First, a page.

Mobilization of human lymphoid progenitors after treatment with granulocyte colony-stimulating factor

Rie Imamura, Toshihiro Miyamoto, Goichi Yoshimoto, Kenjiro Kamezaki, Fumihiko Ishikawa, Hideho Henzan, Koji Kato, Ken Takase, Akihiko Numata, Koji Nagafuji, Takashi Okamura, Michio Sata, Mine Harada, Shoichi Inaba

Research output: Contribution to journalArticlepeer-review

25 Citations (Scopus)

Abstract

Hemopoietic stem and progenitor cells ordinarily residing within bone marrow are released into the circulation following G-CSF administration. Such mobilization has a great clinical impact on hemopoietic stem cell transplantation. Underlying mechanisms are incompletely understood, but may involve G-CSF-induced modulation of chemokines, adhesion molecules, and proteolytic enzymes. We studied G-CSF-induced mobilization of CD34 +CD10+CD19-Lin- and CD34 +CD10+CD19+Lin- cells (early B and pro-B cells, respectively). These mobilized lymphoid populations could differentiate only into B/NK cells or B cells equivalent to their marrow counterparts. Mobilized lymphoid progenitors expressed lymphoid- but not myeloid-related genes including the G-CSF receptor gene, and displayed the same pattern of Ig rearrangement status as their bone marrow counterparts. Decreased expression of VLA-4 and CXCR-4 on mobilized lymphoid progenitors as well as multipotent and myeloid progenitors indicated lineage-independent involvement of these molecules in G-CSF-induced mobilization. The results suggest that by acting through multiple trans-acting signals, G-CSF can mobilize not only myeloid-committed populations but a variety of resident marrow cell populations including lymphoid progenitors.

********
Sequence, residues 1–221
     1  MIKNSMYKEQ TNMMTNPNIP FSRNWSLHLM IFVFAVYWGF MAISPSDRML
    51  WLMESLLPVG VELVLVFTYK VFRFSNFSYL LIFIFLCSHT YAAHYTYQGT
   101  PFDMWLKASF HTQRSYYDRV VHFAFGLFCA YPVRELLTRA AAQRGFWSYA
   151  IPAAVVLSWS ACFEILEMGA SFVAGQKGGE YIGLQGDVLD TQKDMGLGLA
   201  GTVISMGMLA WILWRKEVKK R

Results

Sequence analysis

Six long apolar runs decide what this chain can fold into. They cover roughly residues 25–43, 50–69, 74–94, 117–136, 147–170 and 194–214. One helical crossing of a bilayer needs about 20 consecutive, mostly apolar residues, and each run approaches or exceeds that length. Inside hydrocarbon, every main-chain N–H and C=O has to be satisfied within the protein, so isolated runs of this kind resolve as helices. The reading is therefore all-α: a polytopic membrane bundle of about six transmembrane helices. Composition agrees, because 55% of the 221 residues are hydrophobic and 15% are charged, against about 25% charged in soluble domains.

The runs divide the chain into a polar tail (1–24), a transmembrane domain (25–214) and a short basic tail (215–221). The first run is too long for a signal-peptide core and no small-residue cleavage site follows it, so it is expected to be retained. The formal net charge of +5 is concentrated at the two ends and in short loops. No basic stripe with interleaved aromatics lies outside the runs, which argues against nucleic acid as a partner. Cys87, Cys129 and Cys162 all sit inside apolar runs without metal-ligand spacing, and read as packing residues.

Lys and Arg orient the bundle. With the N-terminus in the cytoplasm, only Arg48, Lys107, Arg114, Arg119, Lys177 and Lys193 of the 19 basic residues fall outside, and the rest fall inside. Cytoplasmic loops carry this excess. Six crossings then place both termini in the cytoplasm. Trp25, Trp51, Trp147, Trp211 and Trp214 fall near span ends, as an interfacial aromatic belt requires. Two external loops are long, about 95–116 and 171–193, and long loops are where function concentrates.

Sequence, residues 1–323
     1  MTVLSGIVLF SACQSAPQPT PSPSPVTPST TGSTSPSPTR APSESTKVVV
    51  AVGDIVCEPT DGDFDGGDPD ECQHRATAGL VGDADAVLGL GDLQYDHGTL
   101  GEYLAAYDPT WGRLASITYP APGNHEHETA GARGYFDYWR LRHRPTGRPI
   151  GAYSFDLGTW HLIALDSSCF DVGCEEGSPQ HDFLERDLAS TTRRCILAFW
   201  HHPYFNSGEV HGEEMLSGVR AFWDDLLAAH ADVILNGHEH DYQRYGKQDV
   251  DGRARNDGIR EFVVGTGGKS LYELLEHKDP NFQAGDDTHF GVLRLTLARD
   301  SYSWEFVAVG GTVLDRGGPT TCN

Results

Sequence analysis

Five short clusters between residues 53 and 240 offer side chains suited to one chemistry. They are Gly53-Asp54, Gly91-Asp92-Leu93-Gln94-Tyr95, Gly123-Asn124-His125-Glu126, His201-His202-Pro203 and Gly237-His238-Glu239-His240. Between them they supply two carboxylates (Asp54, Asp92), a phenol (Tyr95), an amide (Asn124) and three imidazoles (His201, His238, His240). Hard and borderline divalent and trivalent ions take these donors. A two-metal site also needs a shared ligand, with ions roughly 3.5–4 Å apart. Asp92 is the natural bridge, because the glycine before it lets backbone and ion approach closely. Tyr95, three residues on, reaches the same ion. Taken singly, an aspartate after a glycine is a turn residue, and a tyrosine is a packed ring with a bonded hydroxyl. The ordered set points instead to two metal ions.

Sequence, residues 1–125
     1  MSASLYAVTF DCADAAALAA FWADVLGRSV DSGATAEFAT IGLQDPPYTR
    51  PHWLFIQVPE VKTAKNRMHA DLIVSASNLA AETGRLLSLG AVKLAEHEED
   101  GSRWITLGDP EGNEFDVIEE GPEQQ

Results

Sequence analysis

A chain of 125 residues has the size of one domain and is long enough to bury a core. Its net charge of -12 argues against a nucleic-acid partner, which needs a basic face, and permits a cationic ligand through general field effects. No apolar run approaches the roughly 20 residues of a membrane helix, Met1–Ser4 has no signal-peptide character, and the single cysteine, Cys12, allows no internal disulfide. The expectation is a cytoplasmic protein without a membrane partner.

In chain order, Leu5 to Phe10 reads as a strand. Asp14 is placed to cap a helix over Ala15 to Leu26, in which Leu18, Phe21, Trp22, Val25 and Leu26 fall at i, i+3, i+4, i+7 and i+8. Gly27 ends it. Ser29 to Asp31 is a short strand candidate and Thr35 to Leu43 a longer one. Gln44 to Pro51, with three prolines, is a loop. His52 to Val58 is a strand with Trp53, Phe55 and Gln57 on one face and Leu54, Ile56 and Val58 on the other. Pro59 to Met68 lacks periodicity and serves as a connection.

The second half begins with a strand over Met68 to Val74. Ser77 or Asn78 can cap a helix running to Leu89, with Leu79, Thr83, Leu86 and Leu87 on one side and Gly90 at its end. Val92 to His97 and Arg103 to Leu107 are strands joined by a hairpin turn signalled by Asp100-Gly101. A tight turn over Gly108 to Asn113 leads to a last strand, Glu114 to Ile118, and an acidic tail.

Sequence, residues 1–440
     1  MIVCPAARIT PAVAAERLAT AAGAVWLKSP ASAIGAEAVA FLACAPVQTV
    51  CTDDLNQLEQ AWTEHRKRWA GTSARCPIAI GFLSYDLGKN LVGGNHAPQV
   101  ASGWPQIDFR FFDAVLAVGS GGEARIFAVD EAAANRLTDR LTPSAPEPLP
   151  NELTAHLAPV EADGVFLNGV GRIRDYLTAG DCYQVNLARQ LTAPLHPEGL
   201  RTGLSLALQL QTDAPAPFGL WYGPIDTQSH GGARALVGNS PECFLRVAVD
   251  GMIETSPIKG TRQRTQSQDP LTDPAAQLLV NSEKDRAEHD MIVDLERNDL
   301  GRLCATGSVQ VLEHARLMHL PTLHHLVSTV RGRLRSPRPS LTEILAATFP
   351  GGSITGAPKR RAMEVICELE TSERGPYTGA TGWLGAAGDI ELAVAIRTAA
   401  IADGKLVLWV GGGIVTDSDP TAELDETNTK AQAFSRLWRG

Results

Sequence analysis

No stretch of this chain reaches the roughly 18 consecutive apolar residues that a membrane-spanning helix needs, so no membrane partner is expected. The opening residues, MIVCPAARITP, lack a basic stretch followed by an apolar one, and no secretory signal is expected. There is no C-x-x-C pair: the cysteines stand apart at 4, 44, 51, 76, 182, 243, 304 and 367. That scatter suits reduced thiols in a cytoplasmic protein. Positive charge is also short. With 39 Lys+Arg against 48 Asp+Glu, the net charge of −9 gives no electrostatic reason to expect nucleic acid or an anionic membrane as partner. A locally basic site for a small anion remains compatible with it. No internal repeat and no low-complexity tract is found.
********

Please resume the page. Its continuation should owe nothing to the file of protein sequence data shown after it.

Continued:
Original languageEnglish
Pages (from-to)2647-2654
Number of pages8
JournalJournal of Immunology
Volume175
Issue number4
DOIs
Publication statusPublished - Aug 15 2005

All Science Journal Classification (ASJC) codes

  • Immunology and Allergy
  • Immunology

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